Why I’m hopeful …
This week the Council of Bishops met and issued a public statement that aspired to be pastoral and prophetic. Thank you for your prayers as we met. Here are some of the reasons I am hopeful after the meeting.
The bishops are keenly aware that United Methodism is in crisis. The backlash in Europe, parts of the United States and other places around the world to the recent General Conference, makes a unified future for the UMC appear impossible. Some people hold out hope for a change at the 2020 General Conference. Others anticipate schism. No-one seems to believe that United Methodists around the world will simply implement policies that exclude and punish LGBTQ+ people.
The bishops kept the main thing the main thing. Placing the mission of making disciples of Jesus Christ for the transformation of the world, at its center, we devoted 11 hours over 4 days focused on the deep fractures in our Church. We felt deeply the despair of LGBTQ+ persons, their families, and of a new generation of leaders in the United States. We also awoke to the increased risk to poor and vulnerable people caused by funds being withheld or re-directed from apportionments, The Advance, UMCOR, Africa University and other United Methodist causes.
The bishops recognize that this crisis offers a rare opportunity. United Methodism is overdue for a spiritual and practical revival to address systemic racism, sexism, colonialism, heteronormativity, irrelevance to young people, and a governance system that is not designed or capable of addressing our global complexity. How can the Church use this crisis to help God give rise to a new movement of Methodism? Don’t waste a good crisis!
The bishops see that division keeps us distracted from mission. We’ve had split decisions on sexuality for 45 years as a denomination. In February we took our best shot at adopting legislation that could hold us together and failed. Our established legislative and judicial processes are not able to heal the breach. United Methodist spiritual practices and resources are weak. We find ourselves adrift in turbulent waters.
The bishops began to tell the truth: maybe not the whole truth, but a lot of new truth. We spoke more frankly about our ministry contexts and the conflicting demands within our areas. We challenged each other honestly about ways our leadership may contribute to division and distrust. Some challenged participation by bishops in caucuses and reform groups on both sides of the divide. Some reported conservatives being blamed for the actions of the General Conference. I recalled that the Western Jurisdiction has been fully inclusive since before the Church prohibited ordination of LGBTQ+ people and blessing of their relationships.
The bishops acknowledged that worldly powers and principalities are at work, intending to divide the Church and silence its prophetic voice.
In some places, bishops report that disruption in their areas was amplified by outside groups spreading accusations of influence peddling, delegate voter fraud and defamatory rumors about individuals and regions of the Church. We asked ourselves, are we just too nice to investigate and expose these actions? Should bishops identify ourselves with these groups? Should there be a standard of disclosure and transparency for any group that wants to be considered a trustworthy partner? You may have seen the photo of bishops meeting with the Reform and Renewal Coalition comprised of Good News, the Confessing Movement, the Institute on Religion and Democracy (IRD) and The Wesleyan Covenant Association (WCA), during the Council meeting. Bishops who were not there asked the other, “Why did you go to the meeting?” Bishops who attended raised strong objections to unethical and dishonest tactics of some affiliated with the coalition.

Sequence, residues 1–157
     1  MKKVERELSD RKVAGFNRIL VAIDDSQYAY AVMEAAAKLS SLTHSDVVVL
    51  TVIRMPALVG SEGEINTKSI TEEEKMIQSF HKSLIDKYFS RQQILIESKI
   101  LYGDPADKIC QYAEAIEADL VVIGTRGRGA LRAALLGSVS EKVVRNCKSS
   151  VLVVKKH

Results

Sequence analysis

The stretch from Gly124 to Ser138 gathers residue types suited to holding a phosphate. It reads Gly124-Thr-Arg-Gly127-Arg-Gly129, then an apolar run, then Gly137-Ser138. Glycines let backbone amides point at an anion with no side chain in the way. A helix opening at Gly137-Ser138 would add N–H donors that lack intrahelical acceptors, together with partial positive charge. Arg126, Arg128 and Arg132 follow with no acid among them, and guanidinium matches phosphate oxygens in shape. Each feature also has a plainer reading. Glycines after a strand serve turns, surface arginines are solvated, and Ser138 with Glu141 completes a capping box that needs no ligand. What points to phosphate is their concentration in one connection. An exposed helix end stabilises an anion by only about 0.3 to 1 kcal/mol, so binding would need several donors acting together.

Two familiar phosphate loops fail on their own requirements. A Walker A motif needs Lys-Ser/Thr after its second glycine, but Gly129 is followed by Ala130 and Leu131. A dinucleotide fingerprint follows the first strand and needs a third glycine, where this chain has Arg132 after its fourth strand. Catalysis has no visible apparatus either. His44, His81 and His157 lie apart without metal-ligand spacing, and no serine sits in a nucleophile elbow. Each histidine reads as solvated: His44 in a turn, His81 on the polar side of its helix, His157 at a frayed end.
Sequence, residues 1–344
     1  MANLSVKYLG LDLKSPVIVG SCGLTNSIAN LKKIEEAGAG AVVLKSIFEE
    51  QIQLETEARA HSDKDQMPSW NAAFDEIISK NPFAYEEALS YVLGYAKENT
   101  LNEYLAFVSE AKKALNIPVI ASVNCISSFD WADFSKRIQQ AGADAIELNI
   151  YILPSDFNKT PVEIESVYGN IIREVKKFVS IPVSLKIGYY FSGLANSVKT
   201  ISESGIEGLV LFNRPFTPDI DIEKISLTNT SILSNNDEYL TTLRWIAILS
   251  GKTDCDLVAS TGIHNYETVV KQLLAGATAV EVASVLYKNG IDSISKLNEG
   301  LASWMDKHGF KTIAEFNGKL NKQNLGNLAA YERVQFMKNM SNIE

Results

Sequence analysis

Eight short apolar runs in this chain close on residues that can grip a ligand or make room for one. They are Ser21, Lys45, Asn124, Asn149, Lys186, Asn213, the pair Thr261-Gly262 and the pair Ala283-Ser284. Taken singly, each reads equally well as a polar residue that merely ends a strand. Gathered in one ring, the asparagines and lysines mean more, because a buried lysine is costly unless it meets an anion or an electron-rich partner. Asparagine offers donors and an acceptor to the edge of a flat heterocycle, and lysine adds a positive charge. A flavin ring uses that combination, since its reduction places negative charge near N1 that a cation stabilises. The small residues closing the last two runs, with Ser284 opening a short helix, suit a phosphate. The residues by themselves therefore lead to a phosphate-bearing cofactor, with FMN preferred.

African American bishops testified to their survival in an unjust system. In a wrenching witness, African American bishops described decades of racial segregation within the Church in the United States and the faithfulness of African Americans who stayed and supported the Church, despite being marginalized. The church has never healed those wounds, and black voices are still not heard in the Church today. Some resent the outcry in support of LGBTQ+
The bishops began to see that human sexuality cannot be considered as an either/or proposition to be settled by an up or down vote. If there is one new thing I am learning from the LGBTQ+ community, it is that binary options are not adequate. Either/or choices don’t take account of how fearfully and wonderfully God has made us. Making sense of LGBTQ+ requires and deserves deep conversation, biblical scholarship, ethical consideration
In the midst of the messiness of the struggle I find hopeful signs that the Church is alive, and at work, humble, and learning. The Council of Bishops did not propose a top-down 5-year plan. It’s not time to have a plan yet. Most of us are so rooted within our side of the divided question, we don’t know how complicated the questions are for someone stuck on the other side. We have to keep listening, and searching for the whole truth that has room for each of our particular truths.
Later this month I’ll travel to Minneapolis to participate in the UM Forward Conference, inviting voices of Young, Queer and people of Color to speak at the center of the conversation. From there I will travel to Church of the Resurrection near Kansas City, where some 600 people will gather at the invitation of Pastor Adam Hamilton, to pray and think together about the future of the Church. I hope there will be lots of listening and truth-sharing in both groups. I’ll check in with you after I return, as we prepare for Annual Conferences.
In the meantime, by every prayer, every step, every sermon, every Bible study, every act of generosity, we are crossing
Elaine JW Stanovsky | Greater Northwest Area